“One of the things I’ve learned in years of being an oncologist is that every time I put a patient in the hospital, they come out with a little less quality of life,” Dr McAneny stated. “So I started this project not because of a desire to save insurance companies money but because my patients are going bankrupt, and they don’t have extra money to spend on healthcare.”
She said the healthcare model in the United States is not sustainable, and the consolidation of physician practices into hospitals is costing the country a lot of money it doesn’t have. “We’ve lost about 1300 clinics over the last 6 years, and we’re on track to spend 17% of GDP on healthcare,” she reported. The United States has the most expensive healthcare system in the world but ranks 19th among the industrialized nations in preventing illnesses that are amenable to medical intervention, and cancer is a big part of the problem. The cost of cancer drugs often takes the spotlight due to the dramatic rise in the cost of these pharmaceuticals, but the cost of cancer medical care is not far behind. She said she can’t control the cost of cancer drugs, “but what I can control is how often and how long I put people in the hospital, and how I manage their symptoms.”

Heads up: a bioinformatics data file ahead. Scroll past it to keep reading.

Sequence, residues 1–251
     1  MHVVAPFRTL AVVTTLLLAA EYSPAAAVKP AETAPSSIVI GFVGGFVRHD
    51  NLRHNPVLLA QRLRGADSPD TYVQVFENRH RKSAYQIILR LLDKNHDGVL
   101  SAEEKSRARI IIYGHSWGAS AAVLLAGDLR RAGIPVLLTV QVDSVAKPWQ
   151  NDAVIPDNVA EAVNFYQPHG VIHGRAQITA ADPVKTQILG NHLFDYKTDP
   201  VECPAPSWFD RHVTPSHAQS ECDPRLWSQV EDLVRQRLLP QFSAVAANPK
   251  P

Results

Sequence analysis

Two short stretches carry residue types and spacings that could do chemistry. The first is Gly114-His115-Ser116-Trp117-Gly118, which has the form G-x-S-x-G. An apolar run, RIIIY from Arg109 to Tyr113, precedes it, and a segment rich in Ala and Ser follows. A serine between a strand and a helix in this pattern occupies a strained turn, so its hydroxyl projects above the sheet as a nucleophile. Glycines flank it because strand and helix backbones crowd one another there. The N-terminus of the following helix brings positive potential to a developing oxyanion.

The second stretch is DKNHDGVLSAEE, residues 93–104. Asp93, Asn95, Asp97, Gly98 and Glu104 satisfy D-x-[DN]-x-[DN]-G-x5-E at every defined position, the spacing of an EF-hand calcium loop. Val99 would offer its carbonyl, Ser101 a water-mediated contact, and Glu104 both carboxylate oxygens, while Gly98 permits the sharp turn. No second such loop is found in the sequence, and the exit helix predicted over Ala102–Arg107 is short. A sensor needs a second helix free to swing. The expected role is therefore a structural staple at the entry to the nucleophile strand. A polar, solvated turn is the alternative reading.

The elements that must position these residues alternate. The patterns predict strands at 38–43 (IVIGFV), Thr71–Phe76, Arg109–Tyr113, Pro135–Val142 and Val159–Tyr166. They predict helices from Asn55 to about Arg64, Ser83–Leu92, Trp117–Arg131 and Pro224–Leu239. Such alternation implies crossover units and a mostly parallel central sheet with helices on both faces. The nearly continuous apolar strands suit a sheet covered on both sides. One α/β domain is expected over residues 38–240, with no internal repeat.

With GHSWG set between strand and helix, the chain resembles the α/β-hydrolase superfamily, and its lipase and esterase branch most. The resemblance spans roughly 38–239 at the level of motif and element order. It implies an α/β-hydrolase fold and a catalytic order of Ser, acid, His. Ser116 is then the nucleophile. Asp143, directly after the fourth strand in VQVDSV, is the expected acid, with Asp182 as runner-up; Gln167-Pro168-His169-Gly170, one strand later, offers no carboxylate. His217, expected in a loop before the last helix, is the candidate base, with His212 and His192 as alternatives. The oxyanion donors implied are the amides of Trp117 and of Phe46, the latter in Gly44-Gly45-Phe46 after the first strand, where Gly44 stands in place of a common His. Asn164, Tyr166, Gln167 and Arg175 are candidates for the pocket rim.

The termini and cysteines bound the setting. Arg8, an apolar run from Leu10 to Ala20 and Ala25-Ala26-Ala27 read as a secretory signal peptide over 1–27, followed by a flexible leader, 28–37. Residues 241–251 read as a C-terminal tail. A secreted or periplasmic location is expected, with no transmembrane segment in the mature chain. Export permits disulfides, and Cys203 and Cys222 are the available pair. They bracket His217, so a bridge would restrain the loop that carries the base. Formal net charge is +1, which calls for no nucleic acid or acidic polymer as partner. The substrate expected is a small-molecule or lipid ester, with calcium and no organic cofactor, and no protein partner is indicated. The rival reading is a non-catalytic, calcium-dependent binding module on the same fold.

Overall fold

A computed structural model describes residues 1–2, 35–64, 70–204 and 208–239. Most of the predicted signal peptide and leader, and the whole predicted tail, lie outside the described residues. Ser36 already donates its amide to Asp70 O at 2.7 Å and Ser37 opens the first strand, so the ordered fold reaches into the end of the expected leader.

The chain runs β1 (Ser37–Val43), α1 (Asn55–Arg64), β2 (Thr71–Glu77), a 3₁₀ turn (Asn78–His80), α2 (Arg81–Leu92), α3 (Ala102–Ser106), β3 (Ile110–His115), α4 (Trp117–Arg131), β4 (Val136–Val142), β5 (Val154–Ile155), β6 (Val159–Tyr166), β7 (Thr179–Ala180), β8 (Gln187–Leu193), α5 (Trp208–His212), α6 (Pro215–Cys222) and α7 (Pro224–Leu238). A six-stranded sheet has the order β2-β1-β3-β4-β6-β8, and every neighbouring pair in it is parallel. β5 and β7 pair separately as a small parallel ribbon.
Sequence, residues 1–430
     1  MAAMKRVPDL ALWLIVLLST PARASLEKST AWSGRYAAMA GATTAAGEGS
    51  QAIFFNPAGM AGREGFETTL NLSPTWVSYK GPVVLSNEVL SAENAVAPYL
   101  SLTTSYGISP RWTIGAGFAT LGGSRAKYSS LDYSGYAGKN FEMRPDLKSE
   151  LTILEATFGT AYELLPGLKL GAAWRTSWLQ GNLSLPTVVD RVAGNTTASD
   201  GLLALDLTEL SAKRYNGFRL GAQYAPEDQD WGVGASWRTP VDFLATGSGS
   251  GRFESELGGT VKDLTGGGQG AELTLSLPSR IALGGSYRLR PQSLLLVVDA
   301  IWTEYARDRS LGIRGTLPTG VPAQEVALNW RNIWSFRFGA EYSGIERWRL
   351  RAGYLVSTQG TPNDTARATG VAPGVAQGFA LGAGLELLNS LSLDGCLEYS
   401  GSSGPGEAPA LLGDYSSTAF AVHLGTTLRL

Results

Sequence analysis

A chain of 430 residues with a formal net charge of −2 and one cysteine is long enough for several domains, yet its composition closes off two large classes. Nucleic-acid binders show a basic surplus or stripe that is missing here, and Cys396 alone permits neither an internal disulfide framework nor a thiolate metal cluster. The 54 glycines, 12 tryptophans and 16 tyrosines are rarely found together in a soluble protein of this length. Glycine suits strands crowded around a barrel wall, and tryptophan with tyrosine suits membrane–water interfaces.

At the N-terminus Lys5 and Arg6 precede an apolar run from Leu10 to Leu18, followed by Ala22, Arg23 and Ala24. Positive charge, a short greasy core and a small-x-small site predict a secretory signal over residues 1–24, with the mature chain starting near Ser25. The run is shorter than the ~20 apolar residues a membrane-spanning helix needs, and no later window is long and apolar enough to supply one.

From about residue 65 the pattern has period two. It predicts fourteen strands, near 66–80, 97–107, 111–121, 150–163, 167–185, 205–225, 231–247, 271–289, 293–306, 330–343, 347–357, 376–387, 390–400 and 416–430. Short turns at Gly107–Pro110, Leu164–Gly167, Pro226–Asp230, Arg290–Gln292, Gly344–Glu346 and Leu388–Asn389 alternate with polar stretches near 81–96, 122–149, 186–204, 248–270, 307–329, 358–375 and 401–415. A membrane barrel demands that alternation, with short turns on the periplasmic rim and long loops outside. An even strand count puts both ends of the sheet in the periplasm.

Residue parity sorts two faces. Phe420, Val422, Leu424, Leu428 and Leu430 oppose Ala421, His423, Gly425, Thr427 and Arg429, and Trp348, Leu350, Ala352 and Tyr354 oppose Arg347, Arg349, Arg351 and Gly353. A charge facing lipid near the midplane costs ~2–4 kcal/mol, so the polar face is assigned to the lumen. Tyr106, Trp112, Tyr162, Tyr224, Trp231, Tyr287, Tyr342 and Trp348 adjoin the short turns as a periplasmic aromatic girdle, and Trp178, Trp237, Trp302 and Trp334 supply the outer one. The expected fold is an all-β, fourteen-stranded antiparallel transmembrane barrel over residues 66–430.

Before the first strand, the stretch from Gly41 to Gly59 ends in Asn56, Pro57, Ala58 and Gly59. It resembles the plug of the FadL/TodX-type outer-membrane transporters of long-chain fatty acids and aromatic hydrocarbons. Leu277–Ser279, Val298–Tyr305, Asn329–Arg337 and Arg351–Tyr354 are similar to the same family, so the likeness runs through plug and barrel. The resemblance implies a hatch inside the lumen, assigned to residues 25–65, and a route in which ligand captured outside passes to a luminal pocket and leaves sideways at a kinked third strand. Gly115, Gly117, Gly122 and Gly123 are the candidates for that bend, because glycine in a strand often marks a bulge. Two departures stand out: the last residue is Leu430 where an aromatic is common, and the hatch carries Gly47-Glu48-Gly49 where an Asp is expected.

COME HOME clinics deliver all outpatient cancer care, and their triage system ensures that patients receive the right care, in the right place, at the right time, by helping them to manage the side effects of their cancer and its treatment at the most cost-effective site and at the earliest stage of development.
The Triage System
Participation in the COME HOME model requires a robust use of health IT systems (EMR, PMS, lab systems, etc) so that data can be used to measure the success of the program. It mandates an ongoing relationship with a personal oncologist to provide first contact and continuous comprehensive care to patients. “When people are sick, they want to know who their doctor is,” she said. It utilizes a physician-led, team-based care model where every member of the team works at the top of his or her license and incorporates patient and family education.